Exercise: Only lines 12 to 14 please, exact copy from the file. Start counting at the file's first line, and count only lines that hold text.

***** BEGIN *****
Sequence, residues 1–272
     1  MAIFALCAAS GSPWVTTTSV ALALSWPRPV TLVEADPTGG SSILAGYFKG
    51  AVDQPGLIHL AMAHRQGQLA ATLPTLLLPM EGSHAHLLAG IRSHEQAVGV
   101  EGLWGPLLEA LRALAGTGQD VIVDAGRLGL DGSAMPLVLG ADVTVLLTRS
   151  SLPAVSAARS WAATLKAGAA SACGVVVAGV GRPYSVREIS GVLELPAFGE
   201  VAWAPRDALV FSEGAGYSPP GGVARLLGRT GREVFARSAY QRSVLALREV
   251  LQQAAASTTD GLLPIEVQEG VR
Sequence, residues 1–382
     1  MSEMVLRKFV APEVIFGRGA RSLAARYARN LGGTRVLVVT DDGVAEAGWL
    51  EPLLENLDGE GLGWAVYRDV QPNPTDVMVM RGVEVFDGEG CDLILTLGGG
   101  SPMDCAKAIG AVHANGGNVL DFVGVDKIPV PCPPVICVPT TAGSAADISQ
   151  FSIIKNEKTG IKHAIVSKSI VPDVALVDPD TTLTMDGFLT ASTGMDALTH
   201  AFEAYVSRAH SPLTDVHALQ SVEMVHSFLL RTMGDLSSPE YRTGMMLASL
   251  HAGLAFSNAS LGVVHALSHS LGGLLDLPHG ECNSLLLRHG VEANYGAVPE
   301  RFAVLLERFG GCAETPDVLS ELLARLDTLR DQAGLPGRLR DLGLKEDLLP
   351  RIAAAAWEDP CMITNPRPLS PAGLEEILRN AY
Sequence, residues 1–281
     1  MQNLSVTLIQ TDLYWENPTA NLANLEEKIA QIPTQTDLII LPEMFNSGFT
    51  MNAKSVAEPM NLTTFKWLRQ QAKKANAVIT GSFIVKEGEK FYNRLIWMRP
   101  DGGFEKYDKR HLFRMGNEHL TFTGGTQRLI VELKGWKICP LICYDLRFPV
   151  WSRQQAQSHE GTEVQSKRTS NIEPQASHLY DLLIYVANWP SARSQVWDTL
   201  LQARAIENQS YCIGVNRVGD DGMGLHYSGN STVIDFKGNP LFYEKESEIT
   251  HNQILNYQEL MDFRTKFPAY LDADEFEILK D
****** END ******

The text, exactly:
   151  FSIIKNEKTG IKHAIVSKSI VPDVALVDPD TTLTMDGFLT ASTGMDALTH
   201  AFEAYVSRAH SPLTDVHALQ SVEMVHSFLL RTMGDLSSPE YRTGMMLASL
   251  HAGLAFSNAS LGVVHALSHS LGGLLDLPHG ECNSLLLRHG VEANYGAVPE